Some Candid Thoughts About Fatherhood

DespairThis will be my fourth Father’s Day without contact from my children. Of any kind.

1,104 days. 26,496 minutes. 1,589,760 seconds…

…of despair.

Despite myriad pleas of forgiveness. Estranged.

John Irving in A Prayer For Owen Meany says American people reserve their moral condemnation for sexual misconduct. He goes on to say, “Boudoir morality takes little imagination, and can be indulged in without the effort of bothering to know ‘the whole story’ behind the sexual adventure.”

Over the past three years I have met other fathers (good fathers—not perfect—but good fathers, who for various reasons were unable to maintain a lifelong relationship with the mother of their children) who suffer the same fate. Estrangement by their children. And their grandchildren used as pawns.

Many “christian” friends from my past have told me I’m getting what I deserve.

You know, they may be right.

Ironically, I’ve also met several children now grown who love and have forgiven their fathers unconditionally despite suffering heinous mistreatment at their hands: horrible physical abuse, lifelong mental abuse, rape, incest, abandonment, and yes, even worse. Unfathomable.

P.S. I have been silent about details of my family life, especially the estrangement from my children, due to the wisdom and advice of my wife Gina. But as I type these words, I am alone.

She got up at 3am and drove for twelve hours to Florida yesterday to surprise her eighty-nine-year-old Dad for Father’s Day. When she walked in beaming from ear to ear, he collapsed in tears of joy. Beautiful.

It’s not that they have been exempt from times of extreme difficulty. They’ve had more than their fair share. But somehow they have chosen to love each other unconditionally.

I’m also the benefactor of that remarkable father-daughter relationship, because the functional and unconditional love her Dad has shown throughout life enables Gina to provide that same gift of unconditional love to me.

My therapist says I’m getting what I deserve.

You know, he may be right.

LAST BUT NOT LEAST. I have been very prolific in writing about the love my Dad and I share. You can read a few of those HERE and HERE and HERE. And I would be remiss if I did not once again use this platform to wish my Dad a Happy Father’s Day.

Believe me, we’ve had our moments as well. I have broken his heart more than once and disappointed him with my actions. Dad is a very religious man with strong convictions about lifelong marriage, but somehow he continues to love me as only a good (not perfect, but good) father can.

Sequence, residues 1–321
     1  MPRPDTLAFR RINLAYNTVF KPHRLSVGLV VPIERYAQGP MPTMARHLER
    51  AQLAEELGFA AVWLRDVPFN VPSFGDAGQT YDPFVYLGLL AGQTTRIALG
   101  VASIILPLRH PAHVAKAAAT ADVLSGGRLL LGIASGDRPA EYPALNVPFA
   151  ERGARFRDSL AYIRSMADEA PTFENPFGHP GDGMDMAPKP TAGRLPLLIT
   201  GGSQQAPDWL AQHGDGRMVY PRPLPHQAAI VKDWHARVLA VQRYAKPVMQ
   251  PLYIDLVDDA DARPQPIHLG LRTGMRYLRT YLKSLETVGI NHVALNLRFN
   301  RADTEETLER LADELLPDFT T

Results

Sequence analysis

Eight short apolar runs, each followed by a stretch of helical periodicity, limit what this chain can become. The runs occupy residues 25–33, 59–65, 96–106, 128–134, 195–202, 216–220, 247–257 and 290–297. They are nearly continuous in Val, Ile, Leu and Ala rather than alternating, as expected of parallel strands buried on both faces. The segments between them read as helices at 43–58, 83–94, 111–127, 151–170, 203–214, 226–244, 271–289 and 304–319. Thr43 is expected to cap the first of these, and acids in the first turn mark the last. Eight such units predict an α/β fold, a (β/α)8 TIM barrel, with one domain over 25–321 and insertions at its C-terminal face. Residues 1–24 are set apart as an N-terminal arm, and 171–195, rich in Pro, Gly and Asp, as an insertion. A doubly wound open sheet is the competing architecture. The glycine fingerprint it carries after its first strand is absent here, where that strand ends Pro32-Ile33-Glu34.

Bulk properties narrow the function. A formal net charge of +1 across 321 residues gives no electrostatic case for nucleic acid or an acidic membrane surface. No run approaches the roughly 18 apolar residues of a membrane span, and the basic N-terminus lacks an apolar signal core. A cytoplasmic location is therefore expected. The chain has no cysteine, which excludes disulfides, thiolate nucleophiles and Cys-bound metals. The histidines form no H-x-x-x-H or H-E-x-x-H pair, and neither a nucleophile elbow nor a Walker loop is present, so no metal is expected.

And my girls have been the benefactor of that same unconditional love. Not perfect love, but functional and unconditional love. Dad has provided a heritage that will live on in me, my children and grandchildren. No matter what.

The Hebrew Bible says to honor your father and mother and your days will be long on this earth.

You know, it may be right.

14 Responses to “Some Candid Thoughts About Fatherhood”

  1. You know Randy, this is an issue that plagues those of us in the church who are not perfect (all of us). While some actions have greater consequence than others, forgiveness is imperative, especially when difficult. I pray for the restoration of your relationship to your girls, and all relationships that have been strained due to our humanness. May none of us actually get what we deserve.

  2. We often can begin to deal with others humanity as we face the imperfections of our own. They are young… This is my first without my father…A man who never to his dying breath… which I spent with him…accepting that I didn’t become more. We love them all…accepting and understand so much more the gift of God’s outrageous love whether we love Him, honor or respect Him or not.

  3. Randy, I’m sorry to hear of this. I’m in a parallel path. When I divorced their father, my two stepchildren were forbidden to ever have contact with me again. They’ve held true to their promise to him, even though he died in February 2013. Although they were my stepchildren, I knew them from 13-27, very formative years when my stepson even lived with us. I can not control their actions, but I believe that I was called to help them. Sometimes with advice and love, and other times with monetary support for college and starting their adult lives. I am very peaceful that I have done what God asked me to do: help raise two wonderful children and expose them to my love of God. If they contact me again it will be icing on the cake. It would be nice to know them, but I acted to help and love them because God asked me to, not because I expected anything in return. Hope that you will see the same context. God asked you to raise them, and now he asks you to let them go.
    Agatha Nolen´s last blog post ..Desperate Women

  4. We love you and your girls and pray for your reconciliation!

    Jeff and Dana

  5. Cheryl Hartman June 15, 2014 at 16:04

    The Lord doesn’t give us what we deserve. He gives us love and forgiveness.
    For people to pass judgement so harshly – in my opinion – is as bad or worse than adultery .
    This is not a good enough reason to cut a parent or a grandparent off as if they don’t exist.
    As your sister, I love you, Randy. I hope your family can see, that as a parent, they may one day face a similar situation .

  6. I’ve only known you a short time Randy, but just want to sent you my love. Happy Father’s Day none the less.

  7. Powerful, Randy. I define art as moments when perfect beauty rise out of human imperfection. So let the beauty of your art rise. Let it say what words cannot. And let God be God. We’re eternal beings. Those relationships will return in this life. Or the next. Still sucks, though. I know. (I’m here.)
    Keith Jennings´s last blog post ..“What’s His Dog’s Name?” (A Leadership Story)

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